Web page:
The Welsh government has issued proposals to limit the use of zero-hours contracts for home care staff as part of consultative plans to improve the recruitment and retention of the workforce.
The proposals also include ideas to improve staff career pathways, crack down on non-payment of the minimum wage, ensure employers pay staff for travel time and stop visits from being cut short.
They follow the passage of legislation this week designed to limit most home care visits to 30 minutes. The Regulation and Inspection of Social Care (Wales) Act 2016, which became law this week, states that visits should be at least 30 minutes unless specific conditions apply. It will be implemented by April 2019.
Poor employment terms linked to poor care
The proposals are based on Welsh government-commissioned research, carried out by Manchester Metropolitan University’s Business School, which found that poor working conditions were negatively affecting the quality of care
Researchers found that zero-hour contracts predominated in independent sector home care, but had a negative impact on continuity of care for service users because of the problems created by staff turning down work or quitting due to job insecurity.
The Welsh government has put forward a number of alternative proposals to limit zero-hours contracts for consultation, including:
- Issuing guidance to local authorities to set expectations for providers to limit zero-hour contracts.
- Setting rules requiring providers to limit the contracts only to staff who want them.
- Setting rules requiring providers to offer staff fixed-hour contracts after they had been working with the employer for a set period of time.
- Setting rules limiting the maximum number of hours or proportion of domiciliary care delivered through zero-hours contracts and asking the Care and Social Services Inspectorate Wales to inspect providers on their compliance with this.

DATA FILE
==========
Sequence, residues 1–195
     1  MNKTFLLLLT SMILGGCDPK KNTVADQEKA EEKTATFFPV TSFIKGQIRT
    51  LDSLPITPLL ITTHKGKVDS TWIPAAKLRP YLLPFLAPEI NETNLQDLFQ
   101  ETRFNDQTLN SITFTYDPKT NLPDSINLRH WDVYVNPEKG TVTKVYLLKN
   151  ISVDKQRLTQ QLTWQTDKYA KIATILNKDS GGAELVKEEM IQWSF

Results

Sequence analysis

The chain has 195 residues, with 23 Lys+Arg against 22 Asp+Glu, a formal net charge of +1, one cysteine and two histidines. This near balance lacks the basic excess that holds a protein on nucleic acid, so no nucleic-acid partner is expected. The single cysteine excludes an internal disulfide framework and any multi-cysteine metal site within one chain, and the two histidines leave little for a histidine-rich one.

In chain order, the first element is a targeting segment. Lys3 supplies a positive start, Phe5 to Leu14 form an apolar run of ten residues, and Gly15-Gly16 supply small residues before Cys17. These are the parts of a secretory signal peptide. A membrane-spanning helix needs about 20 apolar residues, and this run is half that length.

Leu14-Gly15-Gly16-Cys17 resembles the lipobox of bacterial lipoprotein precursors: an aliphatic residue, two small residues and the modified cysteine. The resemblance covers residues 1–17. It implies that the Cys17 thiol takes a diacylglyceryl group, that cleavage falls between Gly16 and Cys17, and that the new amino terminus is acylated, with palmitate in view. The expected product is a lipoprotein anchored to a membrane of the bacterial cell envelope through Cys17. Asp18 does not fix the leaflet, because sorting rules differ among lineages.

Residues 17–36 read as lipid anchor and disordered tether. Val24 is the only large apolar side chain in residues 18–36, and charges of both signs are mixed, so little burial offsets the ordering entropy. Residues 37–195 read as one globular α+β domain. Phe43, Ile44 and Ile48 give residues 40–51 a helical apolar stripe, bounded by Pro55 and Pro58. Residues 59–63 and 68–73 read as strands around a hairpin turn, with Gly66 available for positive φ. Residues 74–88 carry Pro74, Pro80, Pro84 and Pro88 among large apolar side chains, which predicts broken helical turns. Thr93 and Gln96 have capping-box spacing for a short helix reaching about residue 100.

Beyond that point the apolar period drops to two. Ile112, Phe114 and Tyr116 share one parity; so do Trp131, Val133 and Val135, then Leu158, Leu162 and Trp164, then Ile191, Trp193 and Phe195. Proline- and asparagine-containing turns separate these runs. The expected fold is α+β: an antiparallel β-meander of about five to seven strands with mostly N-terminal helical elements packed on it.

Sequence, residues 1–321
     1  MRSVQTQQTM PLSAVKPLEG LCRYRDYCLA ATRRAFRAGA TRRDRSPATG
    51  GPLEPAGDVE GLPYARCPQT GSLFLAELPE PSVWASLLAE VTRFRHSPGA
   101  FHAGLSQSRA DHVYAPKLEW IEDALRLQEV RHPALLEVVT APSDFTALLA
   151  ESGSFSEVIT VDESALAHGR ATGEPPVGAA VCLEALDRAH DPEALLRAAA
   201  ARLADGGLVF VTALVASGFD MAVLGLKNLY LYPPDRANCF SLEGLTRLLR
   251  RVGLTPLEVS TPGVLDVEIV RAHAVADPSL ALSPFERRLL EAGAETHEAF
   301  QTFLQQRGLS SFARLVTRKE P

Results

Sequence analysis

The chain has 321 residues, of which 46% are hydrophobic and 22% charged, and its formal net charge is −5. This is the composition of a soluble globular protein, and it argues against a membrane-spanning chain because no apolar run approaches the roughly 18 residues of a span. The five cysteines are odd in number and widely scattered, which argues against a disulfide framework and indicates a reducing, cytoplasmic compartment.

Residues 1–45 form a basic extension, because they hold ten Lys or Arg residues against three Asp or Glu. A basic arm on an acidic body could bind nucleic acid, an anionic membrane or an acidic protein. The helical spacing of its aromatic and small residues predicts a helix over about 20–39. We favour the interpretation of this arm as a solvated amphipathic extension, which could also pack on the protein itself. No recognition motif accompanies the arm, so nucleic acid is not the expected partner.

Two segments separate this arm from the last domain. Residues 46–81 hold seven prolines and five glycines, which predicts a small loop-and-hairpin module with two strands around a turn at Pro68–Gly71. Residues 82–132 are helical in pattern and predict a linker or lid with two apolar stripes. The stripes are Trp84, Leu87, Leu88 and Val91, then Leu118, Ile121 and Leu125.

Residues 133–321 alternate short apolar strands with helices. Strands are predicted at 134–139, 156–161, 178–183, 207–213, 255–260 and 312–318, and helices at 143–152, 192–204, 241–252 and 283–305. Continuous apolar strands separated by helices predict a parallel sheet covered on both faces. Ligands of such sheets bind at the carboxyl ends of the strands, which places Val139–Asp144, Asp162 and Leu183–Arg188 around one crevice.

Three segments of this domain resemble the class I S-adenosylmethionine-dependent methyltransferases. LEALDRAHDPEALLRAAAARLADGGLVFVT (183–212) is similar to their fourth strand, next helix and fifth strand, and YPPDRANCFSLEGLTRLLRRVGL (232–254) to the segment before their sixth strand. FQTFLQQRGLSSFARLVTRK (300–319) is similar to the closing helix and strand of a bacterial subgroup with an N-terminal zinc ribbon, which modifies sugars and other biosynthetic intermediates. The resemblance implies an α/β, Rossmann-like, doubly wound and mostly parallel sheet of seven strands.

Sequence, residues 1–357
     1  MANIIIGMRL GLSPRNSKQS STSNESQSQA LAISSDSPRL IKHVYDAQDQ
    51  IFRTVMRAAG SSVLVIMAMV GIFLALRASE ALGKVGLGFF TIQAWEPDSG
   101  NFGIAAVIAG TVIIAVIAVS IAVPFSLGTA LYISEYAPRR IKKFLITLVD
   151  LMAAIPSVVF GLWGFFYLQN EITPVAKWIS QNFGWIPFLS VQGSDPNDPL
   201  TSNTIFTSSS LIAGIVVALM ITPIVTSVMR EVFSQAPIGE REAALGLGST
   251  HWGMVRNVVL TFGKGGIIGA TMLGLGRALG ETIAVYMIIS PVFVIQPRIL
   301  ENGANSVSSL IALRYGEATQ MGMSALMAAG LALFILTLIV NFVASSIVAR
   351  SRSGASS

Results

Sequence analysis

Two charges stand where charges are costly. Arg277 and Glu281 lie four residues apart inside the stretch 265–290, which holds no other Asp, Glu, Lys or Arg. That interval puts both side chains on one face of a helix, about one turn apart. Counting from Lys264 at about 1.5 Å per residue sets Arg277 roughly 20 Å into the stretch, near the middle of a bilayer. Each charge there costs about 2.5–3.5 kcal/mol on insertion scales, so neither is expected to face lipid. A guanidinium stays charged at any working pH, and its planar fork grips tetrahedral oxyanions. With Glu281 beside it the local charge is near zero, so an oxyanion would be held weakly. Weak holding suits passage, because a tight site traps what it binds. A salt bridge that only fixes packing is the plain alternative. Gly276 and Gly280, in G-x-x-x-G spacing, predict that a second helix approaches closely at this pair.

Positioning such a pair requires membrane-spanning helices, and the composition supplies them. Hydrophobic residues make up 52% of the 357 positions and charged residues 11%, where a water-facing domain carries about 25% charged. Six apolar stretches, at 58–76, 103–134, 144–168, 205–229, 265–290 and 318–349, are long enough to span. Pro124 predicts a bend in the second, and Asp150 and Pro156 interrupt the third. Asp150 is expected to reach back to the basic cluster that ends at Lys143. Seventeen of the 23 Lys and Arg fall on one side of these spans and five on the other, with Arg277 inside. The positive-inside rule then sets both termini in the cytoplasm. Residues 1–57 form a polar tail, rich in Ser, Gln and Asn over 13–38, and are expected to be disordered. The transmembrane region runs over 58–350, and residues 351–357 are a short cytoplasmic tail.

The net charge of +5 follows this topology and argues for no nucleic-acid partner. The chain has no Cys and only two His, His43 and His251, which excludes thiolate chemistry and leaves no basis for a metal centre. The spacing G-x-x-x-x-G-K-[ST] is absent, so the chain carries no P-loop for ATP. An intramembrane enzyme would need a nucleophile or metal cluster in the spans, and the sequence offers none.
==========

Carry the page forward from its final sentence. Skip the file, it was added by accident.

Minimum wage compliance
Proposals to ensure providers pay staff the national minimum wage – including payment for travel time – include asking local authorities to require providers to show how they are paying the minimum wage and asking the CSSIW to inspect providers on their compliance.
It will become more challenging for providers to comply with minimum wage legislation when the new “national living wage” comes into force in April 2016, setting a wage floor of £7.20 for people aged over 25, above the current minimum of £6.70 for over-21s.
“I am aware of real challenges facing the social care sector,” said health and social services minister Mark Drakeford. “The rise in the national minimum wage over the next few years will place new financial pressures on the sector.
“The Welsh Government wants to understand the impact of its proposals on the sustainability and viability of care provision. But ultimately everyone in the sector agrees that social care should be a positive and rewarding career option.”
Better career prospects
Under existing plans, all domiciliary care workers should be registered with the Care Council for Wales – due to be renamed Social Care Wales – by 2020.
The latest consultation suggests making it a requirement for home care staff to hold a particular qualification – for example, a level 2 or level 3 diploma in health and social care – as a condition of registration, to drive up workforce standards and boost career prospects.
Other ideas include developing a career pathway for home care workers, similar to that for social workers, setting out how they can progress from role to role and improve their skills and qualifications.
Curbing ‘call clipping’
Finally, the proposals also include ideas to curb “call clipping”, where home care visits are cut short because workers are late or leave early to make their next appointment. Ideas include requiring local authorities to set out in contracts how much time is being allocated for contact time with a client and how much for travel, and ensuring this is set out clearly in provider rotas.